Brits Ramped Up Savings In 2021 Lockdown, Data Show
The data from the Office for National Statistics also show that GDP contracted during that first quarter of the year by more than expected, dropping by 1.6 percent compared with the previous 1.5 percent estimate.
The drag of the 2021 lockdown kept GDP below pre-pandemic levels by 8.8 percent, but it was less marked than during the 2020 spring lockdown when it dropped by 20 percent.
But the finer-grained monthly data give a more positive picture, showing that growth jumped from 0.8 percent in February to 2.4 percent in March. In April the jump was 2.3 percent and the Bank of England’s outgoing Chief Economist Andy Haldane recently said the economy was going “gangbusters.”
The latest data come amid growing pressure on the government to stick to its pledge on removing all pandemic restrictions on July 19, and as the government prepares to wind down the furlough scheme from tomorrow.
Martin Beck, senior economic adviser to the EY ITEM Club, said GDP will recover strongly in the second quarter as households spend some of the savings built up in lockdowns.
He said, “The delay to removing remaining restrictions and any effect to confidence from the recent rise in COVID-19 infections present potential risks to this forecast though.”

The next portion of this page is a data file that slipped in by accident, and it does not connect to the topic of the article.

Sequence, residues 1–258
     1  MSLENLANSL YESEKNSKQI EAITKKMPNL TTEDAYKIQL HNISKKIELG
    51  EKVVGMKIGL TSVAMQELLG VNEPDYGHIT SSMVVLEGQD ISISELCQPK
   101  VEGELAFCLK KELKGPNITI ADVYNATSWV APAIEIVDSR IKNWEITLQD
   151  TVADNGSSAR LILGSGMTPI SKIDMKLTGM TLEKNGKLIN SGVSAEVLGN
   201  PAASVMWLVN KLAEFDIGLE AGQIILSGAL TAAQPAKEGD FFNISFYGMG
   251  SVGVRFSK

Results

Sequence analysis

Julian Jessop, economics fellow at free market think tank the Institute of Economic Affairs, said the figures showed that “pent-up demand may prove to be even stronger.”
“More timely business surveys already suggest that overall economic activity (as measured by GDP) will be back to pre-COVID levels as soon as the third quarter, with employment picking up well,” he said in a statement.
Jessop said that means the government should press ahead with winding down the furlough scheme as planned from July 1.
“It is increasingly clear that the furlough scheme is now contributing to staff shortages and actually holding back the recovery, including in hospitality. With most of the economy open again, people should be encouraged to find new jobs, instead of being locked into their old ones.”
Jonathan Athow, deputy national statistician at the ONS, said: “Today’s updated GDP figures show the same picture as our earlier estimate, with schools, hospitality, and retail all hit by the reimposition of the lockdown in January and February, with some recovery in March.
“With many services unavailable, households again saved at record levels with only last spring seeing more saved.”